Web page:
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Cusco: Into the Andes and drink your cocoa tea!
Young at Heart Adventuring

One of the many architecturally beautiful churches in LimaOne of the many architecturally beautiful churches in Lima (Linda Pils)
Cusco is both a modern and ancient city, but above all, it is charming. And, at 11,200 feet above sea level, it is also a city of deep breaths as well as entrancing vistas. Our hotel, the Marquesas has a helpful staff, lots of hot coca tea (all the better to adapt to the altitude, my dear) and a room on the second floor. It is only our first full day and I don't know if I'll make it up the stairs to our room, maybe I'll just keep drinking tea in the outdoor courtyard. Today, we meet our group of nine travelers from all over the US, a variety of young and old, couples and singles, all with the same goal of exploring the Inca valley and the highlight, Machu Picchu. We also meet Marco Antonio, our intrepid tour guide, we will learn over the course of our trip, that there is no obstacle that he cannot turn around into an opportunity. He speaks english, spanish and Quechua, the Incan language, he can also read between the lines and seems to answer our questions before we have formulated them.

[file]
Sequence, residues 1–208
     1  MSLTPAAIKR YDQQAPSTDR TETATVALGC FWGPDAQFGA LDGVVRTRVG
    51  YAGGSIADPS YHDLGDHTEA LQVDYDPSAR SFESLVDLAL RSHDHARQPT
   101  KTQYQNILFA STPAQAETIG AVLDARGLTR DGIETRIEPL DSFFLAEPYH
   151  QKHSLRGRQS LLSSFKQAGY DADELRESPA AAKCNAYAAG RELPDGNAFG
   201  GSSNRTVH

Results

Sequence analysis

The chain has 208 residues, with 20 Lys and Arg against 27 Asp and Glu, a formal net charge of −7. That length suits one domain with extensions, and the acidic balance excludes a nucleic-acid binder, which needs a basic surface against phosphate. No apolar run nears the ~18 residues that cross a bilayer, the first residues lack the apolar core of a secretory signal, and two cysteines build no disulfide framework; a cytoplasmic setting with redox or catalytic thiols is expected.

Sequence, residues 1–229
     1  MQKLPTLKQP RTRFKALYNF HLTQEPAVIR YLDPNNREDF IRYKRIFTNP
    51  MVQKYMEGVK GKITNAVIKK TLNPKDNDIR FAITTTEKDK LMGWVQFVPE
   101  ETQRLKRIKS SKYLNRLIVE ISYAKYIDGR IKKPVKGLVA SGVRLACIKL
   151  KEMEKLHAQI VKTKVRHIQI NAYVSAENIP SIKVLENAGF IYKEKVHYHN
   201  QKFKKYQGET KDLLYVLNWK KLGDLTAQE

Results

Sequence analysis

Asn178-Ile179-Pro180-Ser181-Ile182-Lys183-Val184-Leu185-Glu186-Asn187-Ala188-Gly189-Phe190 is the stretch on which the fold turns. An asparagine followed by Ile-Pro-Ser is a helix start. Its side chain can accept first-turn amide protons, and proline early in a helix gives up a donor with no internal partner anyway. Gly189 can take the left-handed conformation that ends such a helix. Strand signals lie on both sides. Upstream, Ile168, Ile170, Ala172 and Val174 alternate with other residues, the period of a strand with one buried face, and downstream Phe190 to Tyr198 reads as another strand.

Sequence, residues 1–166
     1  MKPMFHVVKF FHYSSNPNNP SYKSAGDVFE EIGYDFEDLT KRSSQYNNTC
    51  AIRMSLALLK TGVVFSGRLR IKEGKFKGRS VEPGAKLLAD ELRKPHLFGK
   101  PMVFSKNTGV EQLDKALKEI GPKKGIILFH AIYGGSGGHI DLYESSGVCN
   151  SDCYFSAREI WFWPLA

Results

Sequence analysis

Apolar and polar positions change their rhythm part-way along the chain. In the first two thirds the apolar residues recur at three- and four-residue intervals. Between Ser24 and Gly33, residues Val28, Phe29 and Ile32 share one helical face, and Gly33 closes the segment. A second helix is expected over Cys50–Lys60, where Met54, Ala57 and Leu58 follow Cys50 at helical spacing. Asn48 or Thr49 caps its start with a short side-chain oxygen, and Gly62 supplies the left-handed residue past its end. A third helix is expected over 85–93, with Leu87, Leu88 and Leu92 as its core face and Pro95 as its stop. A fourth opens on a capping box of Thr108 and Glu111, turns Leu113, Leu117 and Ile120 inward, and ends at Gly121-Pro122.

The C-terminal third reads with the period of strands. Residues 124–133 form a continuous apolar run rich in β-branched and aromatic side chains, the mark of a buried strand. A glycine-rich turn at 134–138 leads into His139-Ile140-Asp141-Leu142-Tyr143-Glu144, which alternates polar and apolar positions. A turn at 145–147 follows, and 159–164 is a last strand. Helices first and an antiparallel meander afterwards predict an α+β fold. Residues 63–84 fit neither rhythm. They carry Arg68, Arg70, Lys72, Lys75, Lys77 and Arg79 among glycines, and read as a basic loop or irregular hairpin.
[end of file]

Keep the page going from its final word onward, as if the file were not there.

It is a lively group that explores the city, starting at the Cusco Market, here can be found everything from fresh killed pigs to gladiolas, from one of hundreds of varieties of potatoes (No! Potatoes are not from Ireland as we thought) to medicinal concoctions for whatever ails you. I settle on a mangoe smoothie. Delicious!

From there we learn more about the Inca culture at the Museo INKA. We learn how the Inca culture flourished for only about 100 years, yet had such an incredible impact on the land and people. How Pizarro and the Spanish invaders killed the Inca leaders and tried to kill the culture, too. How the buildings of today were built on the foundations of the Inca buildings that stood here before the occupation, the Temple of the Sun became the foundation of the Catholic Church of today. We learn of the scientific and mathematical prowess of the civilization that existed so long ago. We learn that the history of this country is a living history, not something in a page of an ancient book, but a culture that is both Inca and Spanish, a multi-layered history that continues to this day in the Andes.

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